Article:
F-35A Operational Basing Environmental Impact Statement Burlington AGS Mitigation Plan 18 April 2014 Page 1Responsible parties for each mitigation measure and management action are identified in Table 1 of this document. The 158 FW F-35 Program Integration Office (F-35PIO), Operations Group (OG), Civil Engineering Squadron (CES) and Environmental Management (EM) office are the key organizations responsible for implementation of specific actions. The 158 FW leadership will direct, assign accountability for and track the results of mitigation measures and management actions through the base Environment, Safety and Occupational Health Council-Installation Safety Council (ESOHC-ISC) and by incorporation of these activities into the Environmental Management System (EMS) maintained at the base.

II. MITIGATION REQUIREMENTS

The Air Force will beddown one PAA squadron of 18 F-35As under the 2 December 2013 ROD at Burlington AGS. The AGS is collocated with the Burlington International Airport (BIAP), a civilian airport that operates primarily under Federal Aviation Administration (FAA) rules and regulations. The most significant environmental impacts associated with basing F-35A aircraft at Burlington AGS are anticipated to be related to noise generated during operation of the aircraft. Current mitigation measures and management actions in place for F-16 operations will continue as F-35A operations begin, and additional mitigation measures will be assessed and implemented before and after arrival of the new aircraft. This will necessarily be an evolving process, as the local operating procedures for the F-35A and noise abatement procedures that may be implemented will not be fully developed until the aircraft begins to be flown at the Burlington AGS, which is anticipated to be in the year 2020. Table 1 of this MMP lists the specific mitigation measures and management actions related to noise abatement that are currently employed, and outlines procedures and time frames for evaluation of additional mitigation measures that will be assessed upon arrival of the aircraft at the Burlington AGS. Additional operational changes that may mitigate noise impacts will be evaluated for effectiveness and reviewed to assure they do not result in negative training or safety implications. Management actions for potential environmental impacts not related to noise are also listed in Table 1.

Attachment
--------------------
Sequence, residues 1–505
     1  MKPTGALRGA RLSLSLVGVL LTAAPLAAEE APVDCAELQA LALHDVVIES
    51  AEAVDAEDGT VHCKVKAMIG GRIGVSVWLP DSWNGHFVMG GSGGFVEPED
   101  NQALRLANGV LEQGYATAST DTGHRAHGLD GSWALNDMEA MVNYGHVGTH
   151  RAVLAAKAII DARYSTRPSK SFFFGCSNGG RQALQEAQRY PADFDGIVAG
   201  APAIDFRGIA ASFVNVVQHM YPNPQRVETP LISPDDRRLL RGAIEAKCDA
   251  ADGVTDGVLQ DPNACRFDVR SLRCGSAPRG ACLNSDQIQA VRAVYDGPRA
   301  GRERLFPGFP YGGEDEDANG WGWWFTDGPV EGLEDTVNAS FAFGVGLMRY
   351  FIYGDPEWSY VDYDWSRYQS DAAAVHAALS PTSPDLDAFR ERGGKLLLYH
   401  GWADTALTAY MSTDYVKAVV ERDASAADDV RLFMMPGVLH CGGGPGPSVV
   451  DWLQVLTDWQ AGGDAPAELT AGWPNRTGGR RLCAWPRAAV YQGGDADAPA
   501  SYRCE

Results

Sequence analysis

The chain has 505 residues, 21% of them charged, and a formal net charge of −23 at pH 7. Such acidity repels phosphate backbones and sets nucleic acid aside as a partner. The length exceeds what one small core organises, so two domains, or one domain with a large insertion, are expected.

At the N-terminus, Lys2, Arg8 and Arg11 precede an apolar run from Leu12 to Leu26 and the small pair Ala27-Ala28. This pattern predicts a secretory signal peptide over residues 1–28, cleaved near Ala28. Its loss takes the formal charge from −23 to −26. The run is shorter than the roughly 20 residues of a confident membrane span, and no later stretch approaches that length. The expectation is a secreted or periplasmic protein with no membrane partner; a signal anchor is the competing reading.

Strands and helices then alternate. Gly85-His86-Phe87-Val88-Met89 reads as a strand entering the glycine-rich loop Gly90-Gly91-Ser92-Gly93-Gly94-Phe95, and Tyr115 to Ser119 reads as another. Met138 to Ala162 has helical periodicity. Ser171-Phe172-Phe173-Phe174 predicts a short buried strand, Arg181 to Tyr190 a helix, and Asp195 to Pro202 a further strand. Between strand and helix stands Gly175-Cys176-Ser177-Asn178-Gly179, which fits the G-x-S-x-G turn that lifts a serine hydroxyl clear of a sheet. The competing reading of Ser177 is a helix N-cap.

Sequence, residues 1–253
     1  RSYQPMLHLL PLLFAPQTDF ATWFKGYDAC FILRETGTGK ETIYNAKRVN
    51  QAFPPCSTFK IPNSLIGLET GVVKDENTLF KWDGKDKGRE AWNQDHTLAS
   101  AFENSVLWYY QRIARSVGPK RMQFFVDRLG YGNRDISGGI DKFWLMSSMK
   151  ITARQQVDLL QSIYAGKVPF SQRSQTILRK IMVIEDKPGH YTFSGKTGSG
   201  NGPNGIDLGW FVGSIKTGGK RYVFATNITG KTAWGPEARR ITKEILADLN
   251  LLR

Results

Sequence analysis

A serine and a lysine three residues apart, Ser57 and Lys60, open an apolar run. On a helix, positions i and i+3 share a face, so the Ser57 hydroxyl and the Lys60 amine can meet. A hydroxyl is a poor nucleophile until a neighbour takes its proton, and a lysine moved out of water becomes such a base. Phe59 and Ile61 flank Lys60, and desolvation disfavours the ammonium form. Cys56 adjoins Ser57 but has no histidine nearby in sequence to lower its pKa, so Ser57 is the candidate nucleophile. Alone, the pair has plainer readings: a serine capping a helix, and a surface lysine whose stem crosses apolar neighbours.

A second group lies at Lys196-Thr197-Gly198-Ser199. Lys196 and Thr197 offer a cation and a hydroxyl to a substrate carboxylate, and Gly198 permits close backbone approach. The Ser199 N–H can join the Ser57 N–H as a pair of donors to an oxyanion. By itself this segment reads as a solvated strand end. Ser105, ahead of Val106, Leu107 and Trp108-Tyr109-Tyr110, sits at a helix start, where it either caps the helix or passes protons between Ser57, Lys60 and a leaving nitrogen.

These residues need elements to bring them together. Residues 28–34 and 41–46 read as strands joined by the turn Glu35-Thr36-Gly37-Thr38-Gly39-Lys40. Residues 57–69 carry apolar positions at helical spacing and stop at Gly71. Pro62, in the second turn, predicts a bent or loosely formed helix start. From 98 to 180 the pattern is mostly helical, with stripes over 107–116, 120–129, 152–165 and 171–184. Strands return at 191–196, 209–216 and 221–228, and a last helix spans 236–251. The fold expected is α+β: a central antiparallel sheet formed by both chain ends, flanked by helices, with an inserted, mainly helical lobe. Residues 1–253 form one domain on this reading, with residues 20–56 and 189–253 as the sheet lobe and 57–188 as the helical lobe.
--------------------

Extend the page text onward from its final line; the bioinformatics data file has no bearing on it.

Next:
Construction associated with beddown of a total of 18 F-35A aircraft primarily consists of renovations and upgrades to existing facilities and installation of new utilities on previously developed land at the Burlington AGS. Construction is needed to upgrade existing utility infrastructure, aircraft hangars, maintenance shops, simulator facilities and associated work areas. Construction will occur primarily within the highly developed and previously disturbed flight line area and adjacent buildings. F-35A aircraft operations at Burlington AGS will use existing airspace units and ranges in a manner consistent with current F-16 operations.

Pages 5 through 7 of the ROD list management actions to avoid or reduce potential environmental impacts, and each is addressed in Table 1 of this MMP.

III. METHOD FOR ACCOMPLISHING MANAGEMENT ACTIONS

Noise related mitigation measures fall into two general categories at Burlington AGS: 1) operational measures directly implemented and maintained by the 158 FW (also referred to as “local noise abatement procedures”) and 2) noise mitigation measures that are developed and implemented under the Burlington IAP’s Noise Compatibility Program (NCP) required by 14 CFR Part 150, and administered by the Federal Aviation Administration (FAA).

Local noise abatement procedures are codified in Fighter Wing Instructions (FWIs) and other base level standard operating procedure documents such as the local In-Flight Guide. 158 FW aircraft operations are closely tracked, counted and analyzed and are continually assessed for compliance with established procedures. Local noise abatement procedures can be modified and adapted to some extent as new information is received, including input from the local community. Changes to preferred runway operations, modified ground track departure procedures, and adjusting of pattern operations and altitudes are examples of operational elements that can be reviewed and potentially modified by 158 OG personnel to mitigate noise impacts on surrounding communities. Flight, ground and weapons safety are always considered when assessing potential changes to mitigate noise, and safety cannot be compromised to mitigate noise.

The 158 FW participates in the Burlington IAP’s noise mapping, NCP updates and 14 CFR Part 150 compliance process. In some cases, as referenced in the ROD, voluntary mitigation measures undertaken by military organizations at Burlington AGS are referenced within the NCP update and FAA’s resulting Part 150 Record of Approval memorandum. The 158 FW will continue to participate in the Burlington IAP Part 150 process to the maximum extent required to effectively coordinate, implement and continually assess noise mitigation measures and management actions. It is noted that the 158 FW, NGB and Air Force cannot control the timing or final content of the NCP and Part 150 process, as FAA has jurisdiction over the process.

Non-noise related impacts are also addressed in Table 1, and can be effectively managed using existing 158 FW environmental management, safety and occupational health procedures, and continued compliance with applicable federal and State of Vermont regulations, Air Force Instructions, and Executive Orders.

An adaptive management program as described in the CEQ Memorandum titled, “Appropriate Use of Mitigation and Monitoring and Clarifying the Appropriate Use of Mitigated Findings of No Significant Impact” dated 14 January 2011, will be incorporated into this MMP, and is described in the next section.

IV. ADAPTIVE MANAGEMENT PROGRAM (AMP)